Today Ofsted has published a research report looking at how high-performing secondary schools provide targeted support for struggling readers.
Reading is essential to every subject and children who cannot read well will find it difficult to keep up with the demands of secondary school.
Each year around one quarter of 11-year-olds do not meet the expected standard in reading at the end of primary school. Fewer than 1 in 5 of these pupils can expect to get a GCSE grade 4 in English. Being unable to read well can often also lead to poor behaviour. The consequences of poor reading extend beyond school, as evidence shows that adults with low literacy are likely to have fewer job opportunities and a lower income.
The aim of our study was to explore how schools make sure that pupils who leave primary school unable to read age-appropriate books fluently can become proficient readers and keep up with all their other curriculum subjects.
The 6 schools we visited for the research were chosen because a higher-than-expected proportion of their initially poor readers achieved a pass in English language at GCSE.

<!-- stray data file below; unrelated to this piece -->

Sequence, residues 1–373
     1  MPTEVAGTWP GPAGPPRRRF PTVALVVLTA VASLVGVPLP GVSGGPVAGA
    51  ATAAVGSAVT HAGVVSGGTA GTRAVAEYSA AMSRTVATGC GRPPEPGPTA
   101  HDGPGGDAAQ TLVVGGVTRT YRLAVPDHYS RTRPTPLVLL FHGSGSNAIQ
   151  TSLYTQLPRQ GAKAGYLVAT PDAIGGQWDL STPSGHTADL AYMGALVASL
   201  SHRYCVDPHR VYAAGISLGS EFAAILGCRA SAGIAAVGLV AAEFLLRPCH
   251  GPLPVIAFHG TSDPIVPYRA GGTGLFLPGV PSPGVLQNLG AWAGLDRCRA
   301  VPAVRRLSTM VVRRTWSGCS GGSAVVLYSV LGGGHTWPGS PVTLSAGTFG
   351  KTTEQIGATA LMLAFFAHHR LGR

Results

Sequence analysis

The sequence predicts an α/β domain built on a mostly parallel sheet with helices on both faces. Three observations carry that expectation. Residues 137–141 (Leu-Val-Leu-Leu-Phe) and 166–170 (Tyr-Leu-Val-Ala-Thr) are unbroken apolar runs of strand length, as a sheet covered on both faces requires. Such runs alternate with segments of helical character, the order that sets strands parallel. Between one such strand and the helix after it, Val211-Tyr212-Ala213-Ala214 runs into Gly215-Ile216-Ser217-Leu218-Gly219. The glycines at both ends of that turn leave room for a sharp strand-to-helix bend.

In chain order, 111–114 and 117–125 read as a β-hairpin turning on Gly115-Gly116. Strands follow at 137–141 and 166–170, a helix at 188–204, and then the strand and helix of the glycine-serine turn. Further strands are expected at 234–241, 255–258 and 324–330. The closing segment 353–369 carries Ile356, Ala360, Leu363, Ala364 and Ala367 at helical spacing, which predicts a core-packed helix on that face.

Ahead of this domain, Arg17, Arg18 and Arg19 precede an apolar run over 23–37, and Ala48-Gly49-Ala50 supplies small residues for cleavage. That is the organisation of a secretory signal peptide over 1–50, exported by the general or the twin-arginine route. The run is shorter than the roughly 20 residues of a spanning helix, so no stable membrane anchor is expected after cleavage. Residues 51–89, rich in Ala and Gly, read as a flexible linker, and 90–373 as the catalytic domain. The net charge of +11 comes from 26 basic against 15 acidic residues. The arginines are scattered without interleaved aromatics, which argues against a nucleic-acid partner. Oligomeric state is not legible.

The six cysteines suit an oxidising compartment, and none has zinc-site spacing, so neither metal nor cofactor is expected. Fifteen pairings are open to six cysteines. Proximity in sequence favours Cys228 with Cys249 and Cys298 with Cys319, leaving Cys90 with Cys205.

In these schools, we found that:
- Senior leaders prioritised reading by investing in additional, bespoke help for struggling readers and training for staff who taught reading
- Teachers accurately identified gaps in pupils’ reading knowledge
- Staff who taught reading had expertise in teaching weaker readers
- Clear procedures were in place to monitor this teaching and its impact on struggling readers
- As pupils’ reading improved, they gained confidence and became more motivated to engage with reading in class
Ofsted’s Chief Inspector Amanda Spielman said:
“The ability to read is a fundamental life skill. However, secondary school leaders and teaching staff should be aware that a significant number of their pupils are lacking the basics.
“All children, with very few exceptions, should leave school proficient readers. That’s why it’s essential that children who leave primary school unable to read well get the additional teaching they need to participate both academically and in wider society.”
The research visits to the 6 secondary schools took place in March 2022.